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Marjorie Taylor Greene shares a video in which she appears to kick a youth activist

Republican Congresswoman Marjorie Taylor Greene of Georgia is shown here at a press conference in June 2021.
Jim Watson
AFP via Getty Images
Republican Congresswoman Marjorie Taylor Greene of Georgia is shown here at a press conference in June 2021.

Early Thursday evening, U.S. Rep. Marjorie Taylor Greene shared a video on Twitter of her in a heated exchanged about gun control with three young activists outside the Capitol earlier that day.

In the tweet, Greene, a Georgia Republican, also wrote, "These foolish cowards want the government to take away guns & the rights of parents to defend their children in schools."

Roughly 25 minutes later, Marianna Pecora, who was one of the people arguing with Greene in the video, replied: "Did she literally just tweet out the video of her kicking me?"

Video shows a heated conversation on gun control

Pecora, 18, is the deputy communications director for Voters of Tomorrow, a group focused on youth voter turnout. She and others from her group were in Washington, D.C., this week to lobby for youth rights.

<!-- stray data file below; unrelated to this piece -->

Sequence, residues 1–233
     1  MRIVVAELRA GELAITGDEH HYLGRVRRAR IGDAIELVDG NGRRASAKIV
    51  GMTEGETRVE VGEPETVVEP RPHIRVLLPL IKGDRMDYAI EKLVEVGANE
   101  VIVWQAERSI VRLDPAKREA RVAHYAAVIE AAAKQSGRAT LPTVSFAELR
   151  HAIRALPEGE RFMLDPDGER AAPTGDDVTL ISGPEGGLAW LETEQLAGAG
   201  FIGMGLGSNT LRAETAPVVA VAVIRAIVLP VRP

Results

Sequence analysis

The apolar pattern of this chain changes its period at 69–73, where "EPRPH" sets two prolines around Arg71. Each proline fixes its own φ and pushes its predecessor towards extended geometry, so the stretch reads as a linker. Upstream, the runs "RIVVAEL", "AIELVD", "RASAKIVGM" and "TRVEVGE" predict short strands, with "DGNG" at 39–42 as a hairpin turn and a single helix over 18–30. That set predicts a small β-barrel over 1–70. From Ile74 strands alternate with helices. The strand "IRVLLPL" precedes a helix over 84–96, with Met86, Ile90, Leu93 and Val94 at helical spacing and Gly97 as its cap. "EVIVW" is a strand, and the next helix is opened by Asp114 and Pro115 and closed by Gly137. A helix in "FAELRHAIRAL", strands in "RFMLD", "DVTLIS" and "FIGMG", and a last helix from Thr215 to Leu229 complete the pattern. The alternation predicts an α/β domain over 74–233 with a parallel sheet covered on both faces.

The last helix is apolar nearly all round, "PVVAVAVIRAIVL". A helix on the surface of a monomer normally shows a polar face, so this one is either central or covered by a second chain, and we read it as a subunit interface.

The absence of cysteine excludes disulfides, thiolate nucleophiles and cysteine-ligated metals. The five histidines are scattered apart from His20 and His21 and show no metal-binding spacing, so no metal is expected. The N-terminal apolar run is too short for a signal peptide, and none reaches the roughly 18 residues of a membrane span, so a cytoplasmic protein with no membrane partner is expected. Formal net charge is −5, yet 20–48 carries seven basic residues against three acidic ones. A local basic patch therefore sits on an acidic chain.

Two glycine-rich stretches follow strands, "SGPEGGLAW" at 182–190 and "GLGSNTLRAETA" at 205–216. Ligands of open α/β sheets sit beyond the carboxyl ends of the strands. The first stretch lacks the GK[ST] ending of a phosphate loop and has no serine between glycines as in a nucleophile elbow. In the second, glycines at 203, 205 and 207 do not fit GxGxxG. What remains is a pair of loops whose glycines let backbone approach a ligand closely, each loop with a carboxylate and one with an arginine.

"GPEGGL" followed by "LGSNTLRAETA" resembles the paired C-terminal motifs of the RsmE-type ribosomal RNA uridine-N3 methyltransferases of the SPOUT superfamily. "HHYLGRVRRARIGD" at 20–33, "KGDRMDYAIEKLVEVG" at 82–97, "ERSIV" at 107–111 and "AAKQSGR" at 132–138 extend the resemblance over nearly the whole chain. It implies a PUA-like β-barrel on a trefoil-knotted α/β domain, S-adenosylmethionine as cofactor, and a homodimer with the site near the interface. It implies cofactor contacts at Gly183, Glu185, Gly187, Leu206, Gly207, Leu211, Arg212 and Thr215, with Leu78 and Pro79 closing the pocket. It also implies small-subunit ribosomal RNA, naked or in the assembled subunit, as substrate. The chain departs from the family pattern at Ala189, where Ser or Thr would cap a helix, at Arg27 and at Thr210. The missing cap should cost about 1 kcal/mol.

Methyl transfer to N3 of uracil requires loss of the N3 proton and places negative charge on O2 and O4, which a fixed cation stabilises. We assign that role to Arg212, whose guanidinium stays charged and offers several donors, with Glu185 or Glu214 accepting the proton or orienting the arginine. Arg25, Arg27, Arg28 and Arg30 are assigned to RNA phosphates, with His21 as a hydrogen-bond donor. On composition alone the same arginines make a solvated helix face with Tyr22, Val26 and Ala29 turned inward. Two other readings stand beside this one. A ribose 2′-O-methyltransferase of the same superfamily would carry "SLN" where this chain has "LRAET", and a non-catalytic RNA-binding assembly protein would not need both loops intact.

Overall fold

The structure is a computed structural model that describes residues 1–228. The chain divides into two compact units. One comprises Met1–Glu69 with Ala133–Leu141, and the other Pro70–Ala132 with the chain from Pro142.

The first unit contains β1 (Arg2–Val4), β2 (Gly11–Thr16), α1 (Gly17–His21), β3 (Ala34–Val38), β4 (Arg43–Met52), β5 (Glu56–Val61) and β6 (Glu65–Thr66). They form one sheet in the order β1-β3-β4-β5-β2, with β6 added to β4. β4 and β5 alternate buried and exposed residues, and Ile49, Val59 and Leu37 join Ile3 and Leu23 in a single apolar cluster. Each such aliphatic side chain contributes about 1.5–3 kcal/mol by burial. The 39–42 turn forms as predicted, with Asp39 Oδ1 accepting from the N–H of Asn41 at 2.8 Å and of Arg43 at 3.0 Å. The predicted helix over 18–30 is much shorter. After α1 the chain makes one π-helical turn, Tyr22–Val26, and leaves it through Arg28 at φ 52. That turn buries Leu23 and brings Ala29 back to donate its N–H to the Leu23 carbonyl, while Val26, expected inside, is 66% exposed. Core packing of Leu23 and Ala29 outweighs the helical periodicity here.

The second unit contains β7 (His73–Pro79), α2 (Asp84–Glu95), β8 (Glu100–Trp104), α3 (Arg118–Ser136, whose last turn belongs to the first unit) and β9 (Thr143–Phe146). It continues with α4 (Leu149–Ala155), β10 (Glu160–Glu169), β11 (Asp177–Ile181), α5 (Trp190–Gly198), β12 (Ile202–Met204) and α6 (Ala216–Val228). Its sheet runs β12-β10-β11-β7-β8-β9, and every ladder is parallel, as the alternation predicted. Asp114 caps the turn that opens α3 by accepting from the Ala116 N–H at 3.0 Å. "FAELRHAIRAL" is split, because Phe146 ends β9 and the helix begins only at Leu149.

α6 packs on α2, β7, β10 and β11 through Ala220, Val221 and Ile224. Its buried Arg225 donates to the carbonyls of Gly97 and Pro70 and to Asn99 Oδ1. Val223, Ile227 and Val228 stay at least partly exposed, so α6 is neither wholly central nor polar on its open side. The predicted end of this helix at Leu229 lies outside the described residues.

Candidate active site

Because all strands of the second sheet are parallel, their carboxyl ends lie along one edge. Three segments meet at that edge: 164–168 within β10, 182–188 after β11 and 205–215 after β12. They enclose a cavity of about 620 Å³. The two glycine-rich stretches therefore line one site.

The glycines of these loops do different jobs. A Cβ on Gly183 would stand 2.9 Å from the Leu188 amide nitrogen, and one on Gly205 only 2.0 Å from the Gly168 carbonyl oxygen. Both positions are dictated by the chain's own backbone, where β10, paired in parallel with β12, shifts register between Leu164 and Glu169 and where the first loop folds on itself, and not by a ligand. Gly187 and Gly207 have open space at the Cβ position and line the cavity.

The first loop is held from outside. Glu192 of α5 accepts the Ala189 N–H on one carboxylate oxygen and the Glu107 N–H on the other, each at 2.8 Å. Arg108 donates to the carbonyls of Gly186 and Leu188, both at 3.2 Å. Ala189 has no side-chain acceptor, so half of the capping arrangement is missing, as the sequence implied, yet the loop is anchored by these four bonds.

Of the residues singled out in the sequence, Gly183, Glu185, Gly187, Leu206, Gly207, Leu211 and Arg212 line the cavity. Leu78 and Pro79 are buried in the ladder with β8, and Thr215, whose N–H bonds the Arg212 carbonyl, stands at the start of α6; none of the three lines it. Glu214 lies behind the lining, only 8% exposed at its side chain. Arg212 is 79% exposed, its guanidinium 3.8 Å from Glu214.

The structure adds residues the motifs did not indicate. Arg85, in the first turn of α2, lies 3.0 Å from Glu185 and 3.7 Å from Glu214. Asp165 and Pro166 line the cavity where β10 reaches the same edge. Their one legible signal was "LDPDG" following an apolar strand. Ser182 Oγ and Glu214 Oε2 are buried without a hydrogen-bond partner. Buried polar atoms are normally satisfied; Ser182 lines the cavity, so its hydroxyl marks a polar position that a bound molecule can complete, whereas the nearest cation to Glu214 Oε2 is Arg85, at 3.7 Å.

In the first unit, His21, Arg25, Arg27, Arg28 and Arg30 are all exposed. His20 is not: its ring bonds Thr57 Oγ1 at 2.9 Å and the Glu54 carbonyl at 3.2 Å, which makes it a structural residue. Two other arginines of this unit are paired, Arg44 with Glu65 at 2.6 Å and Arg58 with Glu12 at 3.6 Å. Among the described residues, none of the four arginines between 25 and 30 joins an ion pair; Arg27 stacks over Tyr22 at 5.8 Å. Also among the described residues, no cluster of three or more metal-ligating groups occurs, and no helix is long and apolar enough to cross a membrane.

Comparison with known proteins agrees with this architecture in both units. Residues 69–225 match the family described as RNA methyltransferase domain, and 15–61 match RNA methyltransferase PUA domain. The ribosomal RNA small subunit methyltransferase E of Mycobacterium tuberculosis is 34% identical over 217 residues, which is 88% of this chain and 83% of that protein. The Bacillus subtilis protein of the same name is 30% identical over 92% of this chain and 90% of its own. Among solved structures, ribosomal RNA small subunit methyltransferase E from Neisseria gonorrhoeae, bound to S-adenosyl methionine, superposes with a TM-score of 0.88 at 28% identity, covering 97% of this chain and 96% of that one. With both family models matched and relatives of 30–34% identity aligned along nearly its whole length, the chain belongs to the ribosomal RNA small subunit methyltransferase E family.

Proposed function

In the 2:54 minute clip, Pecora appears to have walked in front of Greene to ask, "How does the second amendment prevent gun violence?" while filming the congresswoman's reaction.

Greene responded, "Excuse me, out of the way, excuse me," to which Pecora begins to stumble and said, "Oh my God." Later, Pecora moves out of the way and accuses the congresswoman of kicking her.

The video does not directly show physical contact between Pecora and Greene.

The sides don't agree on what happened

Nick Dyer, Greene's communications director, told NPR that the allegation that Greene kicked Pecora was "absolutely ridiculous" and called it a "lie."

Pecora told NPR she is physically fine, but "a little shaken" emotionally.

"It's incredibly disheartening to me that a member of Congress has so little respect for the people of our country that she finds it acceptable to turn to trying to hurt them," she wrote in an email.

On Thursday evening, Santiago Mayer, the executive director of Voters of Tomorrow who was also involved in the verbal altercation, said, "To answer the most prevalent question about pressing charges: we're talking to our legal team and keeping our options open."

Copyright 2022 NPR. To see more, visit https://www.npr.org.

Juliana Kim
Juliana Kim is a weekend reporter for Digital News, where she adds context to the news of the day and brings her enterprise skills to NPR's signature journalism.